• In November 2009, Cody A.W. Somerville stepped down as the project leader and made a call for nominations to help find a successor. Lionel Le Folgoc was confirmed by the Xubuntu community as the new project leader on 10 January 2010 and requested the formation of an official Xubuntu council. As of late March 2010, discussions regarding the future of Xubuntu's governance and the role a council might play in it were still ongoing.
  • In March 2012 Charlie Kravetz, a former Xubuntu project leader, formally resigned from the project. Despite this, the project members indicated that Xubuntu 12.04 would go ahead as scheduled.
  • In the beginning of 2016, the Xubuntu team began the process to transition the project to become council run rather than having a single project leader. On 1 January 2017, an official post on the Xubuntu site's blog announced the official formation of the Xubuntu Council. The purpose of the council is not just to make decisions about the future of the project, but to make sure the direction of the project adheres to guidelines established in the Strategy Document.

Xubuntu Releases History
Version Release date Code name
5.10 2005-10-13 Breezy Badger
6.06 LTS 2006-06-01 Dapper Drake
6.10 2006-10-26 Edgy Eft
7.04 2007-04-19 Feisty Fawn
7.10 2007-10-18 Gutsy Gibbon
8.04 LTS 2008-04-24 Hardy Heron
8.10 2008-10-30 Intrepid Ibex
9.04 2009-04-23 Jaunty Jackalope
9.10 2009-10-30 Karmic Koala
10.04 LTS 2010-04-29 Lucid Lynx
10.10 2010-10-10 Maverick Meerkat
11.04 2011-04-28 Natty Narwhal
11.10 2011-10-12 Oneiric Ocelot
12.04 LTS 2012-04-25 Precise Pangolin
12.10 2012-10-18 Quantal Quetzal
13.04 2013-04-25 Raring Ringtail
13.10 2013-10-17 Saucy Salamander
14.04 LTS 2014-04-17 Trusty Tahr
14.10 2014-10-23 Utopic Unicorn
15.04 2015-04-23 Vivid Vervet
15.10 2015-10-22 Wily Werewolf
16.04 LTS 2016-04-21 Xenial Xerus
16.10 2016-10-13 Yakkety Yak
17.04 2017-04-13 Zesty Zapus
17.10 2017-10-19 Artful Aardvark
18.04 LTS 2018-04-26 Bionic Beaver
18.10 2018-10-18 Cosmic Cuttlefish
19.04 2019-04-18 Disco Dingo
19.10 2019-10-17 Eoan Ermine
20.04 LTS 2020-04-23 Focal Fossa
20.10 2020-10-22 Groovy Gorilla
21.04 2021-04-22 Hirsute Hippo
21.10 2021-10-14 Impish Indri
22.04 LTS 2022-04-21 Jammy Jellyfish
22.10 2022-10-21 Kinetic Kudu
23.04 2023-04-20 Lunar Lobster
23.10 2023-10-17 Mantic Minotaur
24.04 LTS 2024-04-25 Noble Numbat
Active Xubuntu-based distributions
  1. DEFT Linux, (DEFT is acronym for Digital Evidence & Forensic Toolkit)
  2. Linux Kodachi
  3. Focus Point Linux: Is a GNU/Linux distribution based on Xubuntu, with Xfce4, designed for Photographers, professional or amateurs/hobbyists.
  4. Ufficio Zero
Discontinued Xubuntu-based distributions
  1. Enso OS
  2. ChaletOS
  3. GalliumOS
  4. tuxtrans (tuxtrans was a Desktop GNU/Linux System developed for translators on the basis of the widely used distribution Ubuntu, more specifically the version with the XFCE desktop called Xubuntu. tuxtrans was active for 14 years from 2007-2021.)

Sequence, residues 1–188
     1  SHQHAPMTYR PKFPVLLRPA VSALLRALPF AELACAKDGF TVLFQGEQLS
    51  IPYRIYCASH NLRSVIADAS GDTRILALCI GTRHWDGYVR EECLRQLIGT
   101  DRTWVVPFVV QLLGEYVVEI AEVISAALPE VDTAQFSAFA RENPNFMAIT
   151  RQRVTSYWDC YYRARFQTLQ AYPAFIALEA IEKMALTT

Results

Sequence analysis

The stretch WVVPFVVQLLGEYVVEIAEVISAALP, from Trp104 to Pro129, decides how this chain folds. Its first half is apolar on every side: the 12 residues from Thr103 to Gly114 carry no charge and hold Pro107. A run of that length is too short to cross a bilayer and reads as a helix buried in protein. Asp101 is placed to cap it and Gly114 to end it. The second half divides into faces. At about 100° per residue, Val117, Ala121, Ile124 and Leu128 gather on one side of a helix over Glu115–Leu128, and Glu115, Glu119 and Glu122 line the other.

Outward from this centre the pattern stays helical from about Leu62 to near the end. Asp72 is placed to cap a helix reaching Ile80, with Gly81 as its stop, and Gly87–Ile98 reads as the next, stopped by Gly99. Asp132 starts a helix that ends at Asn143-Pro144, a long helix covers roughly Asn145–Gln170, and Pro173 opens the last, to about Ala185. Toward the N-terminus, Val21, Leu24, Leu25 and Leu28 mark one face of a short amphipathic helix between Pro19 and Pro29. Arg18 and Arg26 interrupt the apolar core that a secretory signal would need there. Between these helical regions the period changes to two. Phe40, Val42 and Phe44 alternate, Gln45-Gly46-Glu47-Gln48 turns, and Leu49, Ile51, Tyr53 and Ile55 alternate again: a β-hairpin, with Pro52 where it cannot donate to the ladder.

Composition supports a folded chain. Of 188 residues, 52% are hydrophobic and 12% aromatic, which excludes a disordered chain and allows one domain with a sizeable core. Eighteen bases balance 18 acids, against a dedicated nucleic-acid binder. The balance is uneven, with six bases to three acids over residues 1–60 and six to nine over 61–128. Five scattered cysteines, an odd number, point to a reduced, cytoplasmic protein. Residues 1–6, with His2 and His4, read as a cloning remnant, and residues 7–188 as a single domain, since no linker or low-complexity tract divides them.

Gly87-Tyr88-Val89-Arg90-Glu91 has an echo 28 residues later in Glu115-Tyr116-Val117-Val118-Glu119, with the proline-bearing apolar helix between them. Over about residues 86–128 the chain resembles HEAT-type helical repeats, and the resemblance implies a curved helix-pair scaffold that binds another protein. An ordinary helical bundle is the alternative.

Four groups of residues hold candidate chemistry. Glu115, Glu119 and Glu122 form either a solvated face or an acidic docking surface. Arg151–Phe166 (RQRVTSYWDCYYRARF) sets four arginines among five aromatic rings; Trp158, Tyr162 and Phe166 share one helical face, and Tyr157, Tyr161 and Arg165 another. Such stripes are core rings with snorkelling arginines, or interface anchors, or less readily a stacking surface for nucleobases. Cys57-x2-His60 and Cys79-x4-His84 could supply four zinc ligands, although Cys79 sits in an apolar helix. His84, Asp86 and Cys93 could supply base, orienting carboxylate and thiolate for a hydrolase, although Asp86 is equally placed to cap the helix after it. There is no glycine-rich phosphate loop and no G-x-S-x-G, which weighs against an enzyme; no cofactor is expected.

5. OzOS (an Enlightenment, e17 build from CVS, LiveCD GNU/Linux distribution, initially based on Ubuntu, then Xubuntu 8.04, OzOs 0.9 release).


Lubuntu

Lubuntu is lightweight GNU/Linux distribution based on Ubuntu.

Uses the LXQt desktop environment in place of Ubuntu's GNOME desktop.

Lubuntu was originally touted as being "lighter, less resource hungry and more energy-efficient", but now aims to be "a functional yet modular distribution focused on getting out of the way and letting users use their computer".

Lubuntu originally used the LXDE desktop, but moved to the LXQt desktop with the release of Lubuntu 18.10 in October 2018, due to the slow development of LXDE, losing support for GTK 2 as well as the more active and stable LXQt development without GNOME dependencies.

The name Lubuntu is a portmanteau of LXQt and Ubuntu. The LXQt name derives from the merger of the LXDE and Razor-qt projects.

Lubuntu received official recognition as a formal member of the Ubuntu family on 11 May 2011, commencing with Lubuntu 11.10, which was released on 13 October 2011.


History
  • The LXDE desktop was first made available for Ubuntu in October 2008, with the release of Ubuntu 8.10 Intrepid Ibex. These early versions of Lubuntu, including 8.10, 9.04 and 9.10, were not available as separate ISO image downloads, and could only be installed on Ubuntu as separate lubuntu-desktop packages from the Ubuntu repositories.
  • LXDE can also be retroactively installed in earlier Ubuntu versions,
  • In February 2009, Mark Shuttleworth invited the LXDE project to become a self-maintained project within the Ubuntu community, with the aim of leading to a dedicated new official Ubuntu derivative to be called Lubuntu.
  • In March 2009, the Lubuntu project was started on Launchpad by Mario Behling, including an early project logo. The project also established an official Ubuntu wiki project page, that includes listings of applications, packages, and components.
  • In August 2009, the first test ISO was released as a Live CD, with no installation option.